French Collaboration on Display, 1940-1944
Seventy years after the liberation of Paris from German occupation, the National Archives of Paris opened “La Collaboration, 1940-1945,” an exhibition exploring multiple facets of French collaboration with the enemy.
In a thematic rather than a chronological approach, the show includes a great variety of original documents and artifacts, many of which have been out of public view since the end of World War II. Together they paint an effective and nuanced picture of a still controversial episode.
French collaboration with the Nazi regime following the Armistice of 1940 has generally been studied through a political perspective, but this exhibit ventures into military, cultural, and economic dimensions as well. Among the items on display is the well-known poster “Affiche Rouge,” depicting French anti-Semitism, as well as photographs of detainees, lists of deported persons, political memorabilia (such as pins from the many French extreme right-wing parties), Marshal Philippe Pétain’s ink blotter and personal stamp, and Jacques Doriot’s SS uniform and trunk.
While Resistance and collaboration were both significant, they were minority movements.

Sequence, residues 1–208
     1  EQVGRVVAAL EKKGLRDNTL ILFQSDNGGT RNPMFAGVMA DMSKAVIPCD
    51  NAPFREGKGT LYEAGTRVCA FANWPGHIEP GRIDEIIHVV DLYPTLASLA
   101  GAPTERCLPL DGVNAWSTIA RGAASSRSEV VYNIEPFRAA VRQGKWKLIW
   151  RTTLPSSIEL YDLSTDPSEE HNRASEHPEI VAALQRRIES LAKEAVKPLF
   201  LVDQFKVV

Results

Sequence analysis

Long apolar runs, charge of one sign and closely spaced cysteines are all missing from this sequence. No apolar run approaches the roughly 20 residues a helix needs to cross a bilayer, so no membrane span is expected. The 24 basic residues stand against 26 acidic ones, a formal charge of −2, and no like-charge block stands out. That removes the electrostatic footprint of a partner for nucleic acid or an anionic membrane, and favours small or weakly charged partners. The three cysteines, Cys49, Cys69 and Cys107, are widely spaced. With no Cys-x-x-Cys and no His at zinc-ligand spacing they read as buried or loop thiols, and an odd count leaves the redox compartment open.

But the exhibit reveals more than artifacts and documents. In a video interview, curators Denis Peschanski and Thomas Fontaine debunk two historical myths, one “pink” and one “gray.” The pink myth claims that everyone in France was in the Resistance; the gray, that everyone was a collaborator. The truth is that while Resistance and collaboration were both significant, they were minority movements. The large majority of French public opinion during the German occupation, despite continued Nazi and Vichy propaganda efforts, favored an Allied victory.
The exhibit also features extracts from French feature-length films produced in the postwar period that deal with collaboration.
This somewhat surprising wealth of films contradicts the oft-held view that France long avoided acknowledging its collaborationist past.
The curators evidently designed the exhibition for an educated French audience. Explanations are in French only and there is little discussion of the war of 1939-40. The show ends with a photograph of Philippe Pétain at his postwar trial, and only the briefest of references are made to what happened to the other notorious French collaborators who embraced the Nazi view of Europe.
The exhibit runs until March 2, 2015. For those with a working knowledge of French, a brief glimpse, including an interview with Denis Peschanski, can be seen at www.archives-nationales.culture.gouv.fr.
ALBA Board member Robert S. Coale lives and teaches in Paris. He is writing a book about Spanish Republicans who fought with the French army during World War II.